Seyfarth Synopsis: On June 30, 2022, the California Supreme Court determined that the interdependent relationship between employers and the staffing agencies with which they contract does not necessarily mean the two are in “privity.” As a result, the employer could not take advantage of a settlement agreement and judgment entered into between a staffing agency and employees who it assigned to work at the employer. Grande v. Eisenhower Medical Center.

The Facts

In February 2012, FlexCare, a temporary staffing agency, assigned Lynn Grande, a nurse, to work at Eisenhower Medical Center. As a class representative, Grande joined a class action lawsuit against FlexCare alleging wage and hour violations during the time she worked at Eisenhower, which was not named as a defendant in this lawsuit. FlexCare and the class reached a settlement, which the court entered as a judgment. The settlement agreement listed FlexCare and various entities as released parties. Eisenhower, however, was not among the listed entities, even though Grande and other class members had been assigned by FlexCare to work there.

After the judgment in the first lawsuit became final, Grande sued Eisenhower for the same wage-hour violations she had previously asserted against FlexCare. FlexCare filed a complaint in intervention, seeking declaratory relief. Both FlexCare and Eisenhower argued that Eisenhower was entitled to the benefit of the release, and that the judgment in the first lawsuit precluded the second one.

The Trial Court Decision

The trial court found that, based on the language of the settlement agreement (which did not include Eisenhower in the list of released parties), the release did not extend to the claims Grande had against Eisenhower.

The trial court further concluded that FlexCare was not “in privity” with Eisenhower, meaning that Eisenhower could not rely on the judgment in the first lawsuit to preclude the second one. The trial court reasoned that, had Grande held Eisenhower derivatively liable for the violations of the law by FlexCare, then preclusion of the second suit would be appropriate. But the trial court found no support for the argument that potential joint employer liability between FlexCare and Eisenhower constitutes derivative liability justifying preclusion of the suit. As a result, the trial court entered judgment in favor of Grande.

The Court of Appeal Decision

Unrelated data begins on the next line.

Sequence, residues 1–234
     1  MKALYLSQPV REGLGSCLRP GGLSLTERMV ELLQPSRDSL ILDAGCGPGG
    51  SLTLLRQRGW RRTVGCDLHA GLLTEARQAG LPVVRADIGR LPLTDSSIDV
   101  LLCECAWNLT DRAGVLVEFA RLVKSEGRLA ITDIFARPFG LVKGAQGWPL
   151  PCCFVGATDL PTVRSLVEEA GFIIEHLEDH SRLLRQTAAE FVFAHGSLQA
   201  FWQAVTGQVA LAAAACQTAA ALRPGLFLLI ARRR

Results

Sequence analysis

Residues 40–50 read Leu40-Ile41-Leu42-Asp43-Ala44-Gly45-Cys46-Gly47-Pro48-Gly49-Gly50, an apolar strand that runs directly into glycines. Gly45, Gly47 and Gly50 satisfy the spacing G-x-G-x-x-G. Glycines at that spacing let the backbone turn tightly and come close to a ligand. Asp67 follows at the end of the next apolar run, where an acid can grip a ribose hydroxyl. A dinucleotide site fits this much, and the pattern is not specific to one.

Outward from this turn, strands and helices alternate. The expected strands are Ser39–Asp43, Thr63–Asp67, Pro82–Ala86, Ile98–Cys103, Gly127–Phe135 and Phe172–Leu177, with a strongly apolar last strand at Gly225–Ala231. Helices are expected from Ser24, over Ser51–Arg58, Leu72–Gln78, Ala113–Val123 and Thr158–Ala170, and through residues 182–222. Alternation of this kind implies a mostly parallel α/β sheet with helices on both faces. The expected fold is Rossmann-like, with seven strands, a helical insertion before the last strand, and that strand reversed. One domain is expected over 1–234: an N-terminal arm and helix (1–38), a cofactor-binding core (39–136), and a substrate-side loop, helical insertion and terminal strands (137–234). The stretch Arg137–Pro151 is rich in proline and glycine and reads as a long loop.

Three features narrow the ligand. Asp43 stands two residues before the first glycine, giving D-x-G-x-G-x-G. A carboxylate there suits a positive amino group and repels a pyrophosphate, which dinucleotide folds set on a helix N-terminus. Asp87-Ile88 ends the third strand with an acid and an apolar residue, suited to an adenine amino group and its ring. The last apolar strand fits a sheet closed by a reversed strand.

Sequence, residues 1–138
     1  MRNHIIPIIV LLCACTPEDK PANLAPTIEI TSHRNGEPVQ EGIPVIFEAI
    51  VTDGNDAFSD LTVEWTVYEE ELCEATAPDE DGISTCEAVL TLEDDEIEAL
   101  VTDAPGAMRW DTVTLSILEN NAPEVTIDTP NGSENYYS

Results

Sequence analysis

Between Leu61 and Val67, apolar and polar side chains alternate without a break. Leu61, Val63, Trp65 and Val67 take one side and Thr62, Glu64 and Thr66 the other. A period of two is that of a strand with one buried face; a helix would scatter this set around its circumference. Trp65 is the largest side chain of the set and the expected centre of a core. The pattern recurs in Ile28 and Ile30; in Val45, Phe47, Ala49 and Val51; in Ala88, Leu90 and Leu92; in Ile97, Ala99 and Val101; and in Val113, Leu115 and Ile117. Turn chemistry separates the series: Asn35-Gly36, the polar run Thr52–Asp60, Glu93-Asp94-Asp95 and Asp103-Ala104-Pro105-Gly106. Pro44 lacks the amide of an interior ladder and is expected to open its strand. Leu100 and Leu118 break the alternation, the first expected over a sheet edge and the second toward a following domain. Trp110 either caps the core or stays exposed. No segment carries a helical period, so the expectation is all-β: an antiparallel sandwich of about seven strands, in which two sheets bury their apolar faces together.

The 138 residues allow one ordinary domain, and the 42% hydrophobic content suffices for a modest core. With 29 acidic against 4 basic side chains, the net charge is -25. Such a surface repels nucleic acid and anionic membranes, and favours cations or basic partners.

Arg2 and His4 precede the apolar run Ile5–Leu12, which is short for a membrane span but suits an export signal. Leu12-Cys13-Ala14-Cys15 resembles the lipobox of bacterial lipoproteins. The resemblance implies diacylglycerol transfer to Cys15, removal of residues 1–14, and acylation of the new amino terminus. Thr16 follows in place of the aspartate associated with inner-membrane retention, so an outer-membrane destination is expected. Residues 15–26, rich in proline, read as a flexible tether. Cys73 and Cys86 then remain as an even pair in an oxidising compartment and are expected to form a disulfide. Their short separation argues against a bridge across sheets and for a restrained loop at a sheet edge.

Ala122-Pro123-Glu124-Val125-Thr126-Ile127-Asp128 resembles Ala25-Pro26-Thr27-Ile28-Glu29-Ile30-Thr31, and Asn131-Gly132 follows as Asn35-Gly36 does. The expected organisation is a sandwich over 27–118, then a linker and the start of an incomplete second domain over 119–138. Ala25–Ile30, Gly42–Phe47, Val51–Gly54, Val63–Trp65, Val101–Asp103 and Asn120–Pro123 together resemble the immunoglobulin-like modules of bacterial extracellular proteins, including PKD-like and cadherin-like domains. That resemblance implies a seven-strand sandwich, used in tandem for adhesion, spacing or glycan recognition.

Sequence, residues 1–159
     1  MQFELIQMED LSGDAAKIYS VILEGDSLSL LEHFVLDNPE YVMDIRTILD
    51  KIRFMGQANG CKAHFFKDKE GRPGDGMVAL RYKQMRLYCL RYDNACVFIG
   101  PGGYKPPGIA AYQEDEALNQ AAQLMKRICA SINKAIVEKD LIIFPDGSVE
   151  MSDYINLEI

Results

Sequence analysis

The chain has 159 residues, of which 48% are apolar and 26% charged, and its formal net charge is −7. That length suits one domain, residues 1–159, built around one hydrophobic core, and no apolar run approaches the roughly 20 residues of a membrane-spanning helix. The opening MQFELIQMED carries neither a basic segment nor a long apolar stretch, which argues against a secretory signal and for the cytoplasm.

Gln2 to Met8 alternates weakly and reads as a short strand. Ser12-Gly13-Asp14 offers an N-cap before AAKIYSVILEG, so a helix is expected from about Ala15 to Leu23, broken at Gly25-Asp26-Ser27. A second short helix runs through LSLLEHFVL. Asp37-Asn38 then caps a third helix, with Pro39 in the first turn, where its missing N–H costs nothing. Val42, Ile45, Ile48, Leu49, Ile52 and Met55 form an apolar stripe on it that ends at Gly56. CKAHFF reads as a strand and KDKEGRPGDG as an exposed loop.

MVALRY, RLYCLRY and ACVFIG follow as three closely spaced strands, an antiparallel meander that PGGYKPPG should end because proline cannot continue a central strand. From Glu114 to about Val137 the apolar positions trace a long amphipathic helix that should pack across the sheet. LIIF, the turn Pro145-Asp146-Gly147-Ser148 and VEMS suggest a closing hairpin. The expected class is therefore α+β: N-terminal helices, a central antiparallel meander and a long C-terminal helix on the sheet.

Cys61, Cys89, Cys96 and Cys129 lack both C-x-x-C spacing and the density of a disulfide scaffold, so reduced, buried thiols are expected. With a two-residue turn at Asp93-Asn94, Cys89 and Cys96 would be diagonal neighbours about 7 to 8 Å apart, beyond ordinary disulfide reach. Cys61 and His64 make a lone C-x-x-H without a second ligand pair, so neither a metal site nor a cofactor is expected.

The Court of Appeal agreed with the trial court that the settlement did not release Grande’s claims against Eisenhower. The Court of Appeal also affirmed the trial court’s determination that FlexCare was not in privity with Eisenhower and, as a result, the first judgment did not preclude the second suit. The decision of the Court of Appeal ran contrary to another appellate court decision, Castillo v. Glenair, which held that a staffing agency and a client-employer were in privity for purposes of claim preclusion.

The California Supreme Court Decision

The California Supreme Court affirmed the judgment of the Court of Appeal, disapproving Castillo, and holding that FlexCare and Eisenhower were not in privity for purposes of preventing the second lawsuit against Eisenhower.

For there to be privity, the Court held, Eisenhower and FlexCare needed to share an identity or a community of interest, with adequate representation of that interest in the first lawsuit, such that Eisenhower should reasonably have expected to be bound by the result of the first lawsuit. Privity “does not exist merely because two entities are allegedly liable for the same wrong to the same plaintiff,” the Court explained.

Here, the Court noted, FlexCare declined to concede that it would have to indemnify Eisenhower for all the alleged violations Grande asserted in the second suit. This, in turn, suggested “a conflict of incentives rather than adequate representation.” Further, the Court reasoned, Eisenhower may have had an interest in shifting fault to FlexCare for some alleged violations. Ultimately, the Court concluded, FlexCare and Eisenhower’s divergent interests prevented a finding of privity.

What Eisenhower Means for Employers

It is now clear that employers that contract with nurse registries and other staffing agencies should not assume that a release of claims entered into by the staffing agency will operate as a release of claims against the employer.

Thus, employers using staffing agencies must be proactive and include clauses in the staffing agency agreements that provide, for example, that the staffing agency is responsible for compliance with all employment laws, including wage-hour laws; will indemnify, defend, and hold harmless the employer from all employment claims; must notify the employer if a claim is brought against the staffing agency that involves services by a worker assigned by the staffing agency to work at the employer; include the employer as a named releasee in a settlement involving such workers; and provide the employer with the ability to audit the employment practices of the staffing agency.